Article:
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India, Pakistan Agree For Mutual Inspection of Indus Basin

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India, Pakistan Agree For Mutual Inspection of Indus Basin

India has agreed to allow Pakistan to inspect the projects in the Jhelum basin, including Kishanganga hydroelectric project, in the near future and Islamabad will allow New Delhi to carry out inspection of the Kotri barrage over the Indus, reports Dawn on Tuesday.

The leading Pakistani daily referred to the minutes of the 115th meeting of the Permanent Indus Commission held between the two countries from Aug 29 to 30 in Lahore.

The minutes of the meeting accessed by Dawn says, “Pakistan also urged India to arrange for the Special Tour of Inspection of the projects in Jhelum basin including Kishanganga HEP which is pending since 2014, on which ICIW (India’s Commissioner for Indus Waters) gave his assurance to arrange the same promptly.”

Earlier on Sunday, Shamil Ahmad Khwaja, Pakistan’s Water Resource Secretary reportedly said, “The major breakthrough of the two-day talks held in Lahore is that India has agreed to get the projects’ sites visited by our experts. Therefore, our team comprising experts will visit the sites in India by the end of next month.”

Read More: India, Pakistan enter in controversy over Lahore meet outcome

The minutes the meeting also revealed that the authorities of the two countries were unanimous about strengthening the role of the Permanent Indus Commission. Islamabad also highlighted the need and asked New Delhi to share the information about potential projects at the planning stage for examination, it said.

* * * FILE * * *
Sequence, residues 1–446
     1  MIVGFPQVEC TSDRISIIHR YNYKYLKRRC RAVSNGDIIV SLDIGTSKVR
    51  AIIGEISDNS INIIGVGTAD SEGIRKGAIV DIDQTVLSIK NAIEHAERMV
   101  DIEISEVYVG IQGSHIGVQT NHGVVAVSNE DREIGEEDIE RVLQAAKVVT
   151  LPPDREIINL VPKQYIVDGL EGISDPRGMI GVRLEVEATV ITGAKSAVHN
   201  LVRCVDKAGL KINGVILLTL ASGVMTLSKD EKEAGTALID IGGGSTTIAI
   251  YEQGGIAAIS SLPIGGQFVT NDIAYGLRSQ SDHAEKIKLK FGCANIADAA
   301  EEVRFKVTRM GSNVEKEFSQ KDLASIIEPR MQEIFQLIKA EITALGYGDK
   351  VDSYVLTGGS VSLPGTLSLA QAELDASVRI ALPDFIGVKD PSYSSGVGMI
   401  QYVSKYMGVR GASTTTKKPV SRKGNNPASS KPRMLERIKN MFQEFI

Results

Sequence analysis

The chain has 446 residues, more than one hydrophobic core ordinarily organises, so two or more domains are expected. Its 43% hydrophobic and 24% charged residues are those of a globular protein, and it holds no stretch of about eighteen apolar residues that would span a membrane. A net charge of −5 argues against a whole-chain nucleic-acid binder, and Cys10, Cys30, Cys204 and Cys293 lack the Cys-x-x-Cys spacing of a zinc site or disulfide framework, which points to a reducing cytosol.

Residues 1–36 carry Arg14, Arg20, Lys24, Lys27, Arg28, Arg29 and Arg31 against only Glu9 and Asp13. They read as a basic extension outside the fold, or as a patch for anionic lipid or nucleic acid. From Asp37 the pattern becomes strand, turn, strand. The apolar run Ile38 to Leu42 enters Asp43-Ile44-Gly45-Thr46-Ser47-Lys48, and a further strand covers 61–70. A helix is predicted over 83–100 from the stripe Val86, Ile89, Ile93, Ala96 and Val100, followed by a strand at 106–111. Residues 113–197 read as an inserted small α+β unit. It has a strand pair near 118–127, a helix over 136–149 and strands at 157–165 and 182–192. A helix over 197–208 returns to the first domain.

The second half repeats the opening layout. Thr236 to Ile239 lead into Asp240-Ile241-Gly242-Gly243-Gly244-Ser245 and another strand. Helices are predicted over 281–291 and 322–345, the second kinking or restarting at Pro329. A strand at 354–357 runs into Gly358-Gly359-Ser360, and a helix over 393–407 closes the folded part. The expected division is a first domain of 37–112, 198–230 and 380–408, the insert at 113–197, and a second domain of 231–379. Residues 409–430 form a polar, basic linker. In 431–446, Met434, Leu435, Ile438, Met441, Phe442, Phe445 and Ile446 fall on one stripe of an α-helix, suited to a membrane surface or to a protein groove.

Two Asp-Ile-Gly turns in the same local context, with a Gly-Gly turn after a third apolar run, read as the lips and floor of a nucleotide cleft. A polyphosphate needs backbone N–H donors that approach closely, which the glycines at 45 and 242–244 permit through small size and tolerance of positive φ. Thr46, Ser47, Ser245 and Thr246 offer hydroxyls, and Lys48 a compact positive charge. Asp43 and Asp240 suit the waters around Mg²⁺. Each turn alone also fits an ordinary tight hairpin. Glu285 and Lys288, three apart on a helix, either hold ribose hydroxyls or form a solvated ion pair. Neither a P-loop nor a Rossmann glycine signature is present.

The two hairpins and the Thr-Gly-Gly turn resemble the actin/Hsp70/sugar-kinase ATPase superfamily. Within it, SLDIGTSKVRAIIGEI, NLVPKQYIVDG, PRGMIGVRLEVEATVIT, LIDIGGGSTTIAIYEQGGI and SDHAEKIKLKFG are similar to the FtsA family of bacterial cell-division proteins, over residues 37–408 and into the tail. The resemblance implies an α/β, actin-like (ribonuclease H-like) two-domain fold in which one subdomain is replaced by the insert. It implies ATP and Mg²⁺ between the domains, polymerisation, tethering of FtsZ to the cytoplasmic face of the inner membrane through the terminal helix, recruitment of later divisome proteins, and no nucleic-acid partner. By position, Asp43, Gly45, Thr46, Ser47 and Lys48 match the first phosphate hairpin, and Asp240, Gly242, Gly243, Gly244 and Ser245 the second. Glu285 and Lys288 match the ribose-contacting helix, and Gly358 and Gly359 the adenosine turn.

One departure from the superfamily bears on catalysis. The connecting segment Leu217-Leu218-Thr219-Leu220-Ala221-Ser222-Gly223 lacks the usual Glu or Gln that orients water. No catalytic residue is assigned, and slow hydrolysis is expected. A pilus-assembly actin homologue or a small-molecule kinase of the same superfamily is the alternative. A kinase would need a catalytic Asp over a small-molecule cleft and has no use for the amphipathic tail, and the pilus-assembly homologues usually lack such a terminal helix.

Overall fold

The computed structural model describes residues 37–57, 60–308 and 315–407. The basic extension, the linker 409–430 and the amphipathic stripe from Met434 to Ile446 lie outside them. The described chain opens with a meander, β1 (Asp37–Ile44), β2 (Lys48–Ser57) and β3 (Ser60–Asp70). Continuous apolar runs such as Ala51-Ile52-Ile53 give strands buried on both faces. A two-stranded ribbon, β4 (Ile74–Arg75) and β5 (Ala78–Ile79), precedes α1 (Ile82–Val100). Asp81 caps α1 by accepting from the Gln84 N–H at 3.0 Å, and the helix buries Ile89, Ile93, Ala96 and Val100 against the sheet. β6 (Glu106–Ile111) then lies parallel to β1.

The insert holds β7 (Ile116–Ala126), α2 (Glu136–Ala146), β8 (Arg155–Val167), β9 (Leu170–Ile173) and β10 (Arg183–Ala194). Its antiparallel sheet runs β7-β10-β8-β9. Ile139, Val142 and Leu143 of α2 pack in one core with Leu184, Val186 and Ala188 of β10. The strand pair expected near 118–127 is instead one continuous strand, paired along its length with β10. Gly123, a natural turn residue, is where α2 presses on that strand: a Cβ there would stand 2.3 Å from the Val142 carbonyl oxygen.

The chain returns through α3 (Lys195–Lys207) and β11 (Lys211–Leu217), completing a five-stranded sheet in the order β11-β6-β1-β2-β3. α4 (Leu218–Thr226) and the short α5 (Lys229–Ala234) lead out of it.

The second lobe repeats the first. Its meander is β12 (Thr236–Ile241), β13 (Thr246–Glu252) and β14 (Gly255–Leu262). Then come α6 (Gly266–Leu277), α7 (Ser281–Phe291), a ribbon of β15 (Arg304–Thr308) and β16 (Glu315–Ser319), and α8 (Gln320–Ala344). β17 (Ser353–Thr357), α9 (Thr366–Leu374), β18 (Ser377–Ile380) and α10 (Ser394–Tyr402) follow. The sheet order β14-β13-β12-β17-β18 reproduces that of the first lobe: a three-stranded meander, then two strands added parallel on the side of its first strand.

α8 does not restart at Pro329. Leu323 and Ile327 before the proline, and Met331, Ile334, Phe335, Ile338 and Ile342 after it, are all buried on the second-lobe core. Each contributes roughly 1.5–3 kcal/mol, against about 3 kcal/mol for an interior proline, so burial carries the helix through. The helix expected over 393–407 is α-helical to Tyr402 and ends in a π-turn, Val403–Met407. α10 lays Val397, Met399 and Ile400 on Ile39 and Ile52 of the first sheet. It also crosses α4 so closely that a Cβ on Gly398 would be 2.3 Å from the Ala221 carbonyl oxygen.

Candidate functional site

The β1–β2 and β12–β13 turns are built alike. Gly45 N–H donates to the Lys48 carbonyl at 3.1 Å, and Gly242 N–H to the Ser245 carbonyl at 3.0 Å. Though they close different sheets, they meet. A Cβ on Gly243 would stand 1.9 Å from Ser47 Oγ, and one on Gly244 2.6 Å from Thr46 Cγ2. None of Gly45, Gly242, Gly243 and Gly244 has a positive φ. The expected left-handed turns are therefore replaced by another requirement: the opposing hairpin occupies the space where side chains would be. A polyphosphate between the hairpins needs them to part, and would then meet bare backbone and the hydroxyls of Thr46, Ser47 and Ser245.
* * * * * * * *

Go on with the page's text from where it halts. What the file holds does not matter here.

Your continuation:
India, Pakistan Agree For Mutual Inspection of Indus Basin

The document said, “In this way any objections (if raised by Pakistan) can be addressed in the design at the early stage of planning instead of debating with India at belated stage when practically incorporating the requisite changes becomes a challenge.”

Both sides have also agreed to exchange the detailed basis of adopting various design parameters for both 48MW Lower Kalnai and 1000MW Pakal Dul HEPs at the Chenab River.

Read More: India, Pakistan to discuss water dispute in Lahore

“During the meeting both the sides agreed to conduct the General Tours of Inspection which could not be conducted since 2014. In this regard first PCIW (Pakistani Commissioner for Indus Waters) will visit the Chenab basin in the last week of September 2018 followed by the tour of ICIW to the Kotri barrage in the Lower Indus, according to Article VIII (4) (c),” the document revealed.

The two countries also agreed to arrange the next meeting of the commission soon after the tour of inspection on both sides to discuss and endeavour to address Pakistan’s objections on Lower Kalnai and Pakal Dul.

Ministry of External Affairs issued a statement in New Delhi on Friday saying, “Both the countries agreed to undertake the Treaty mandated tours of both the Indus Commissioners in Indus basin on both sides. Deliberations were also held on further strengthening the role of the Permanent Indus Commission for matters under the Treaty.”

Read More: India wins Kishangana battle against Pakistan at International Court

A senior Pakistani official told Dawn on Monday, “Since the talks between the two countries have been restored, Pakistani team may inspect the Kishanganga project on the eve of the next meeting of the permanent commission for the Indus waters in India or before this.”

India, Pakistan Agree For Mutual Inspection of Indus Basin

Responding to a question, the official said that India had no objection on the Kotri barrage in the lower Indus. “Their (Indian experts) visit to Pakistan will be after ending our experts’ inspection of the Lower Kalnai and Pakal Dul projects scheduled by end of this month,” the official said.